Carol had been beaten down by several terrible tragedies. The first shocker: her daughter had drowned in the backyard pool while celebrating her third birthday with friends. Then, during the subsequent counseling, her husband fell in love with the therapist whose professional boundaries were swamped by passion. Divorce ensued. Two years later I sat with Carol in an emergency room where her other daughter now lay in a coma following a biking accident.
Carol told me she had lost all hope. She quietly asked where she might find some. She was not optimistic about her future.
At that moment I didn’t have words, but I did take Carol’s hand. I sat with her for a long while. Off and on we spoke about mundane matters. My presence was all I had to offer, really.
Later, back home, I stumbled into this wisdom from Vaclav Havel: “Hope transcends the world that is immediately experienced, and is anchored somewhere beyond its horizons … Hope is definitely not the same thing as optimism.”
Those of us in the religion business dare to name and describe that source of hope. We may use different words and images, but all point to something much larger than ourselves because we instinctively know that hope can’t really be hope unless its capacity outstrips our own puny powers. So, I/we say hope is rooted in God, the One who inflated our lungs in the first place, and the One to whom we shall return at the last. Like faith, hope comes to us as a kind of gift.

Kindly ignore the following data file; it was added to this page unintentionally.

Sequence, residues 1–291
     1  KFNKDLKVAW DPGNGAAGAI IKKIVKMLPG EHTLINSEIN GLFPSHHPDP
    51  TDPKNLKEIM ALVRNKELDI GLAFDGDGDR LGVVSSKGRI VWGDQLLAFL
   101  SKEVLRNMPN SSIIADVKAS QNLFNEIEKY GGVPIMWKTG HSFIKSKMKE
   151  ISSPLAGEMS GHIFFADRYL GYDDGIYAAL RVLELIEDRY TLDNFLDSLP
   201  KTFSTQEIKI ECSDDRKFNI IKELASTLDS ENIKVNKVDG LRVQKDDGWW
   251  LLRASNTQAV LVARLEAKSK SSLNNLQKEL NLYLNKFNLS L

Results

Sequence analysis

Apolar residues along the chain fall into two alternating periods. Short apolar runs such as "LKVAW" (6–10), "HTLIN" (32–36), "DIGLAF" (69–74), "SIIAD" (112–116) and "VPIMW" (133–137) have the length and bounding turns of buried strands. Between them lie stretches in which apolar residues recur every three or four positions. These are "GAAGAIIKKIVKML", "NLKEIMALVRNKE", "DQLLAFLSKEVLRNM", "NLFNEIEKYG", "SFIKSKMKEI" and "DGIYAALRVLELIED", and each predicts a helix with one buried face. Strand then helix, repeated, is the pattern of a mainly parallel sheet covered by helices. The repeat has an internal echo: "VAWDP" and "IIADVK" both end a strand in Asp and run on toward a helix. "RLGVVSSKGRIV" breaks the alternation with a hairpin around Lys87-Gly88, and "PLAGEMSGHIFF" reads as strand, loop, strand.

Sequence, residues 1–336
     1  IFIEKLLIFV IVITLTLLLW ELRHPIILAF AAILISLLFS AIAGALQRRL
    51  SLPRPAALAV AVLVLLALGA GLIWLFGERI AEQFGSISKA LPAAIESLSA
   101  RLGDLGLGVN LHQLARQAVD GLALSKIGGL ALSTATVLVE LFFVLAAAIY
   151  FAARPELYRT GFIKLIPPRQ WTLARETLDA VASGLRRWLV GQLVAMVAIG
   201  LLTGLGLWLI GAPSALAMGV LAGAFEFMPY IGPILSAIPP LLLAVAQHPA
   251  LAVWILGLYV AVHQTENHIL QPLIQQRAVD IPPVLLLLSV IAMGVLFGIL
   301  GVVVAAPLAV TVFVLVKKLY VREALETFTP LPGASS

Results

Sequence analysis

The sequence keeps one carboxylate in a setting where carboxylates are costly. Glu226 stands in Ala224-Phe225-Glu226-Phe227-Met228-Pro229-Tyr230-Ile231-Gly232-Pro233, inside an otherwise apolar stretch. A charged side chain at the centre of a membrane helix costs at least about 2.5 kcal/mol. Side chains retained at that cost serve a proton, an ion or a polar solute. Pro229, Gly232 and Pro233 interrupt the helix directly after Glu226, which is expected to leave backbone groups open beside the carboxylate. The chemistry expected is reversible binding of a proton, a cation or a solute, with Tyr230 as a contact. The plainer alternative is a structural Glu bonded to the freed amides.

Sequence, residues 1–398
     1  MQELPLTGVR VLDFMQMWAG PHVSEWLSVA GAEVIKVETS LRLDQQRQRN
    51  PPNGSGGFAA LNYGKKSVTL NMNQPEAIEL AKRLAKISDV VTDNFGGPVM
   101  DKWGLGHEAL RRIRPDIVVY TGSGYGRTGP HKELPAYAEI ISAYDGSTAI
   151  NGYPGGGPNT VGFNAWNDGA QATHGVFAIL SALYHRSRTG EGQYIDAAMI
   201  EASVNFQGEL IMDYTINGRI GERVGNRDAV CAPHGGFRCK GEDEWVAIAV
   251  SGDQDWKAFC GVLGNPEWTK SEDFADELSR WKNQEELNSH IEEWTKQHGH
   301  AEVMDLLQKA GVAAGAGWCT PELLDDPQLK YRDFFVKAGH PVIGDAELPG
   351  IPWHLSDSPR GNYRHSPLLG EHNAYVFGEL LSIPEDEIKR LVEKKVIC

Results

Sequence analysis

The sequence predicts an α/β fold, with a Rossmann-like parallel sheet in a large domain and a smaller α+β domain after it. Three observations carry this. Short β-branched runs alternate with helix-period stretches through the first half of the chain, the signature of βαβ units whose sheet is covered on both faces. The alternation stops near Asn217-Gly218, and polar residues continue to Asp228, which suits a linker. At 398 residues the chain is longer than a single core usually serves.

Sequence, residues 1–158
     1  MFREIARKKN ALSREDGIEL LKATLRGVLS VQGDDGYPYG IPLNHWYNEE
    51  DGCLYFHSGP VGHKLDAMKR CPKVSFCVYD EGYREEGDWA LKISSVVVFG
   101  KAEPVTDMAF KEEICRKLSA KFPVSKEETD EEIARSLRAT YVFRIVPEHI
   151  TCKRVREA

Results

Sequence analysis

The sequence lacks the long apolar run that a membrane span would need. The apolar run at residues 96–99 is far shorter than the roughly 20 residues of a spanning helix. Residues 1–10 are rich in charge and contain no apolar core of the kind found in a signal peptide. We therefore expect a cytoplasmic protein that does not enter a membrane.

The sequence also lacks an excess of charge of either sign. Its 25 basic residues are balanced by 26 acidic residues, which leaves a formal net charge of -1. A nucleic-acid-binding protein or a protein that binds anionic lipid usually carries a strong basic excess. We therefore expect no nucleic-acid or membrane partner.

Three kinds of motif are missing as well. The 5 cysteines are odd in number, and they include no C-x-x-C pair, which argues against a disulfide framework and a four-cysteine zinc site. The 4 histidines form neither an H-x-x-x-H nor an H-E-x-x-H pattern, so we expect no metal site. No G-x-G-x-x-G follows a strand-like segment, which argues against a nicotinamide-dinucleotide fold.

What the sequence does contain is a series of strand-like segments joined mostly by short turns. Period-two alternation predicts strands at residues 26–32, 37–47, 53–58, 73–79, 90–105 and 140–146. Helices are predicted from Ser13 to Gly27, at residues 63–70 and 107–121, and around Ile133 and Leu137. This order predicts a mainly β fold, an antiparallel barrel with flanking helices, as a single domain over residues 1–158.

Carol’s daughter eventually had a long, but mostly full recovery. Along that road we had several conversations about hope… faith and love, too. She remarried. Her daughter flourished. Hope advanced…
… And speaking of hope, two weeks ago I wrote about the upcoming General Conference of the United Methodist Church that begins a week from today. This conference will determine the future of our denomination as it formally grapples with its tortured posturing concerning human sexuality. Refer to that piece for links to various resources that elucidate the issues, including a blog post I wrote explaining where I stand. And I am remembering that optimism is not the same thing as hope…